D: David Gordon Green / 106m
Cast: Jamie Lee Curtis, Judy Greer, Andi Matichak, Will Patton, Haluk Bilginer, Rhian Rees, Jefferson Hall, Toby Huss, Virginia Gardner, Dylan Arnold, Miles Robbins, James Jude Courtney, Nick Castle
And it seemed like such a good idea at the time… ah well…
In the UK, on 10 October – and in advance of the release of Halloween (2018) – some cinemas screened the original Halloween (1978). Those screenings were prefaced by an interview/introduction with John Carpenter that was shot in 2015, and in which he gave an overview of the original’s production and the problems he faced in getting it made. Seeing the original on the big screen, and in the Panavision format that Carpenter had designed it to be seen in, was a potent reminder of just why it has become such a seminal movie in the ensuing decades. With a further nine movies having been foisted on audiences since then, it looked as if Rob Zombie’s disastrous Halloween II (2009) had killed off Michael Myers (aka The Shape) once and for all. But in Hollywood, you can’t keep a popular serial killer dead forever, and so we have the latest (eleventh) instalment in a franchise that you could be forgiven for thinking had exhausted all the avenues open to it in telling, and re-telling, Michael Myers’ story. And you know what? You’d be right…
Halloween seeks to earn brownie points with fans and newcomers alike by ignoring entries two through ten, and by taking up the story forty years after the events of the first movie. In this retconned version, Michael Myers was captured after being shot by Dr Sam Loomis, and has spent the intervening years in a state-run sanatarium. Meanwhile, the lone survivor of The Night He Came Home, Laurie Strode (Curtis), has had a daughter, Karen (Greer), who in turn has had her own daughter, Allyson (Matichak). Laurie and Karen are estranged because Laurie is beyond paranoid in her belief that Michael will return to Haddonfield one day, and come for her. Allyson is less censorious, and keeps trying to get her mother and grandmother to reconcile. Inevitably, Michael escapes during a bus transfer to another facility, and as predicted, heads for Haddonfield. Soon he’s butchering people left, right and through the throat in a wilful display of murderous impunity. And just as inevitably, he finds his way to Laurie’s home and the showdown she’s been waiting and planning for for forty years.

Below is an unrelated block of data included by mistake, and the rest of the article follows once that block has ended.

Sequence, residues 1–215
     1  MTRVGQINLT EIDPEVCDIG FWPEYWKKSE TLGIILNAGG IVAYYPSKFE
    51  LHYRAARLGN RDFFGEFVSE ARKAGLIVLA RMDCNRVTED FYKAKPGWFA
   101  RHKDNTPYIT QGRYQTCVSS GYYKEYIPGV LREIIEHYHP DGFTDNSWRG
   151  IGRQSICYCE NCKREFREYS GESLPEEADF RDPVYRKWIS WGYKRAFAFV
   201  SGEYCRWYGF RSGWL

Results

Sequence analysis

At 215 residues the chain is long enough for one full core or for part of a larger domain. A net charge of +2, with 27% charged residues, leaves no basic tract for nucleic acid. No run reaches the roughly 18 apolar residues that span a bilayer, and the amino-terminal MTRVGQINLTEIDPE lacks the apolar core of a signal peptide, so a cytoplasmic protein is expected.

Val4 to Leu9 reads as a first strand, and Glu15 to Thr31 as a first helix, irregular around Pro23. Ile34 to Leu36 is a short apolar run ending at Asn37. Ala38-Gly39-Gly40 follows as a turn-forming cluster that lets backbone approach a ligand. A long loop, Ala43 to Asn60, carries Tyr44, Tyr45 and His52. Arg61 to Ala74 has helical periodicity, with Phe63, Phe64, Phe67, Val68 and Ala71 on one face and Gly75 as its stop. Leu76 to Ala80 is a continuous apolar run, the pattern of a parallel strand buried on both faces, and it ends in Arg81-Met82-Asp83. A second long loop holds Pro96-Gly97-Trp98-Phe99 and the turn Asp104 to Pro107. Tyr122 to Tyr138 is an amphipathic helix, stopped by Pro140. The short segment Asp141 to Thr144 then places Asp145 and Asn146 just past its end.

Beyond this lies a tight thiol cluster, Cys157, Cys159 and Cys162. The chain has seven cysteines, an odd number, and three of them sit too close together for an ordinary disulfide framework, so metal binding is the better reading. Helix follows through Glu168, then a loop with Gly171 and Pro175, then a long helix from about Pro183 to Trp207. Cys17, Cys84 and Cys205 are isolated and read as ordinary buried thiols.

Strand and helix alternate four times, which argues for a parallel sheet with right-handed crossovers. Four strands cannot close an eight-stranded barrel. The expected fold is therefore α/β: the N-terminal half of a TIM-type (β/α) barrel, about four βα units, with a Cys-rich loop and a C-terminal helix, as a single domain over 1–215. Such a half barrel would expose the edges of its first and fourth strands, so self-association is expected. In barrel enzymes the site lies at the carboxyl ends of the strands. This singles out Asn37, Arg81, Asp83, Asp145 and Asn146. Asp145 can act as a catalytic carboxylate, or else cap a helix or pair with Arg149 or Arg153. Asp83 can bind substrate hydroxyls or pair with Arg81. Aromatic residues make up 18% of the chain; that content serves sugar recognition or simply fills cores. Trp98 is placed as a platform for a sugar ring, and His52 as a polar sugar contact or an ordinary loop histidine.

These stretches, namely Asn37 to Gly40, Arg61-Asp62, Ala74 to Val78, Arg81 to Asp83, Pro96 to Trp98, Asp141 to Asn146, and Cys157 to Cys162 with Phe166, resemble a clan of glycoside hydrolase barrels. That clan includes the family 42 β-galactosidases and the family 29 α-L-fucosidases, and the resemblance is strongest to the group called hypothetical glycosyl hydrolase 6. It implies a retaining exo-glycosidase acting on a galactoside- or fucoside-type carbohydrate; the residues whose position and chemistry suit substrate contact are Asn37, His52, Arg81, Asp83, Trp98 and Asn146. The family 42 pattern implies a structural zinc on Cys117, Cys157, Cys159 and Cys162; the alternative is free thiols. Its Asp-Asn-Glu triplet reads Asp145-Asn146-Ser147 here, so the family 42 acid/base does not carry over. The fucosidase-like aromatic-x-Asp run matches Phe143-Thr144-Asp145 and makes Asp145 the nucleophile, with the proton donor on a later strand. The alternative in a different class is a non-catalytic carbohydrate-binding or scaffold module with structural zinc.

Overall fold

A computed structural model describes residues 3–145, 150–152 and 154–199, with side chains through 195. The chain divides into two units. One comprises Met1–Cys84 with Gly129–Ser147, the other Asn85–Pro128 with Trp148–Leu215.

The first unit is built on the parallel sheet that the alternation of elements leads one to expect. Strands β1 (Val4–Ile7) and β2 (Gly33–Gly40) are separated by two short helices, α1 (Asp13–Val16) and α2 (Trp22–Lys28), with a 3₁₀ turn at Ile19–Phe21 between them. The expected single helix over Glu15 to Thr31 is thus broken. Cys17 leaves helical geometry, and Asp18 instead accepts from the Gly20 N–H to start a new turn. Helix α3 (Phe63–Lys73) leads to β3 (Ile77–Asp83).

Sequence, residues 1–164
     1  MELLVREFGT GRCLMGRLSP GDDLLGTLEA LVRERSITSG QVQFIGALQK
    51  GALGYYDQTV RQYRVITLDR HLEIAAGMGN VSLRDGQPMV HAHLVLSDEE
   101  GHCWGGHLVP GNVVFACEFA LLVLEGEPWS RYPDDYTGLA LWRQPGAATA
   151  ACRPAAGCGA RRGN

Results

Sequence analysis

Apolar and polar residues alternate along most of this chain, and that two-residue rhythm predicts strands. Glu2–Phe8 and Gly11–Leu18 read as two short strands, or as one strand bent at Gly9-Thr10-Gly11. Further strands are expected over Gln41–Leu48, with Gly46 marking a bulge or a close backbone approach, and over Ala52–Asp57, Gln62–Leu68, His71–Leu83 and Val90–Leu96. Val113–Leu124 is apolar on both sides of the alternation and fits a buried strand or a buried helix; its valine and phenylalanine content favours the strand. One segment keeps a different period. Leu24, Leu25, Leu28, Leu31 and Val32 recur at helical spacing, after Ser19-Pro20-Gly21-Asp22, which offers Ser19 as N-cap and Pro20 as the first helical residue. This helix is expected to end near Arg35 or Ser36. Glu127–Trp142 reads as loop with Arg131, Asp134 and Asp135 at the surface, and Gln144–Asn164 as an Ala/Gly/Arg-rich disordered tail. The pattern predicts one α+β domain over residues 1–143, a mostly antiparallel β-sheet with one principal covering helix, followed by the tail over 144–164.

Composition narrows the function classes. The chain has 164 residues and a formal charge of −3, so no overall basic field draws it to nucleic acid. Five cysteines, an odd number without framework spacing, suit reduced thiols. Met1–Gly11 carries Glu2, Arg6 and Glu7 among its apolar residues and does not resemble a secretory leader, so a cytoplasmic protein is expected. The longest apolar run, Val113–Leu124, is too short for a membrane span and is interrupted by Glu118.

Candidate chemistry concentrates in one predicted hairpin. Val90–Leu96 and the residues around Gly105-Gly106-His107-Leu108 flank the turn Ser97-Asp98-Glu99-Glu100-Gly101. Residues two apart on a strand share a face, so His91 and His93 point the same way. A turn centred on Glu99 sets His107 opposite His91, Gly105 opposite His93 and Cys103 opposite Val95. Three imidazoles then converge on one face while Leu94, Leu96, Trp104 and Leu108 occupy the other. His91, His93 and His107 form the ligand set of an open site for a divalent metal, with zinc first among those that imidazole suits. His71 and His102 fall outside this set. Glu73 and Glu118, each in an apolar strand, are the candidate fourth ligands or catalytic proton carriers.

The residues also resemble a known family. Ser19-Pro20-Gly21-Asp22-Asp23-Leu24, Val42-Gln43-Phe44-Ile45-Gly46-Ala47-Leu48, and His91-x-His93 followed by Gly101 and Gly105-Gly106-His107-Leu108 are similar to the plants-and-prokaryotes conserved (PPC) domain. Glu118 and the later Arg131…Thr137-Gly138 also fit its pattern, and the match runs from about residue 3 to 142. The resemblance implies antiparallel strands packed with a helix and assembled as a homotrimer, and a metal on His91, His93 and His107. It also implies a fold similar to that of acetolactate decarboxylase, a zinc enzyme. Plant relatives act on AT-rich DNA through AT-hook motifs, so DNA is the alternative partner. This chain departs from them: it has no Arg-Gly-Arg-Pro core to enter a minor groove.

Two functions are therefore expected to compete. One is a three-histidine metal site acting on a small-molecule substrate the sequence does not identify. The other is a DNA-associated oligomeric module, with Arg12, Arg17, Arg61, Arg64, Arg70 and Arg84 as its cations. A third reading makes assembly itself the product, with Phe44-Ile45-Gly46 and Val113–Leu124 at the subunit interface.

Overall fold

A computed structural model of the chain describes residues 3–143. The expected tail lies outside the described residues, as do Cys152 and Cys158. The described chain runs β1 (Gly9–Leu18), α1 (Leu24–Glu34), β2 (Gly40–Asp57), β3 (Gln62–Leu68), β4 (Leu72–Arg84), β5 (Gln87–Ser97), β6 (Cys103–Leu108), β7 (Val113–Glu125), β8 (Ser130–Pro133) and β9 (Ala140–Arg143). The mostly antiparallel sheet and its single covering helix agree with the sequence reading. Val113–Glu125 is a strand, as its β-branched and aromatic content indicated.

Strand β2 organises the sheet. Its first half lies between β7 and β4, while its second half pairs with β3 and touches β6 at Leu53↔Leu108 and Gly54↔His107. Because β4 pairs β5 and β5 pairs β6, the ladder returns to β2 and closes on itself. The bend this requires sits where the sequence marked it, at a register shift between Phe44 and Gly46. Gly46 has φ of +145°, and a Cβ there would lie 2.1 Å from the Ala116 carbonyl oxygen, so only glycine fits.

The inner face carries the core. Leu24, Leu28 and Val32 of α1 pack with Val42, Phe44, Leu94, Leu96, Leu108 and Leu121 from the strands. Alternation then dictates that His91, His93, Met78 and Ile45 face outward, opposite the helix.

Comparisons with John Carpenter’s original movie are entirely relevant here, as writers David Gordon Green, Jeff Fradley and Danny McBride have made clear their intention to honour the spirit of Carpenter’s movie, while continuing and expanding on the mythology set out in the first two entries. What this means in practice is a movie that constantly references iconic moments from the original while putting a “clever” spin on them, such as Laurie falling from a balcony and having disappeared the second time Michael looks down. It also means that this Halloween is a sequel-reboot that ignores the subtlety and atmosphere of the original in favour of gory kill sequences that happen only so that Michael has something to do (at one point, he’s literally going from door to door in his efforts to kill people), and pulls off a left-field “twist” involving a secondary character that might have been halfway effective if it wasn’t so dramatically laughable. What Green et al seem to have forgotten in their efforts to update the story and make it more “attractive” to modern audiences is the main reason why the original was so compelling: it was genuinely scary. This plays out as a thriller more than it does a horror movie, and a clumsily handled one at that. By attempting to go back to the franchise’s roots, the makers haven’t just retconned the original storyline, but they’ve gotten lost along the way as well. To paraphrase a well known saying, “It’s Halloween, John, but not as we know it.”
Rating: 4/10 – with its muddled, and misguided attempts at reinvigorating the series, Halloween can’t even get the title right (shouldn’t there be a II in there somewhere?); Curtis is the movie’s MVP, but that’s not saying much when the script develops her character at the expense of all the others, and where the notion of creating anything remotely resembling tension seems to have been abandoned right at the start of shooting.